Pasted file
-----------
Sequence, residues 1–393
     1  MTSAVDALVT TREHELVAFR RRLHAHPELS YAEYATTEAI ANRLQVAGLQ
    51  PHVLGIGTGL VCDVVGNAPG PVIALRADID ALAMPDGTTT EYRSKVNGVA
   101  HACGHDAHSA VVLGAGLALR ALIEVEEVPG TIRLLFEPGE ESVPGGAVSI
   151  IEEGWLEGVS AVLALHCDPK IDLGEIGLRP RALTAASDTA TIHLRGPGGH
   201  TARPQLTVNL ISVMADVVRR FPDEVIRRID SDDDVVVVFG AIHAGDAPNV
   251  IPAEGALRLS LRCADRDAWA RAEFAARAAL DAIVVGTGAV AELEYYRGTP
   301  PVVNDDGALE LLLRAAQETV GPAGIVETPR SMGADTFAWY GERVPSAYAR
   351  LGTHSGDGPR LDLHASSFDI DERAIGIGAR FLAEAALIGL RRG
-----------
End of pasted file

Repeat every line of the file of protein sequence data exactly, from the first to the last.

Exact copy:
Sequence, residues 1–393
     1  MTSAVDALVT TREHELVAFR RRLHAHPELS YAEYATTEAI ANRLQVAGLQ
    51  PHVLGIGTGL VCDVVGNAPG PVIALRADID ALAMPDGTTT EYRSKVNGVA
   101  HACGHDAHSA VVLGAGLALR ALIEVEEVPG TIRLLFEPGE ESVPGGAVSI
   151  IEEGWLEGVS AVLALHCDPK IDLGEIGLRP RALTAASDTA TIHLRGPGGH
   201  TARPQLTVNL ISVMADVVRR FPDEVIRRID SDDDVVVVFG AIHAGDAPNV
   251  IPAEGALRLS LRCADRDAWA RAEFAARAAL DAIVVGTGAV AELEYYRGTP
   301  PVVNDDGALE LLLRAAQETV GPAGIVETPR SMGADTFAWY GERVPSAYAR
   351  LGTHSGDGPR LDLHASSFDI DERAIGIGAR FLAEAALIGL RRG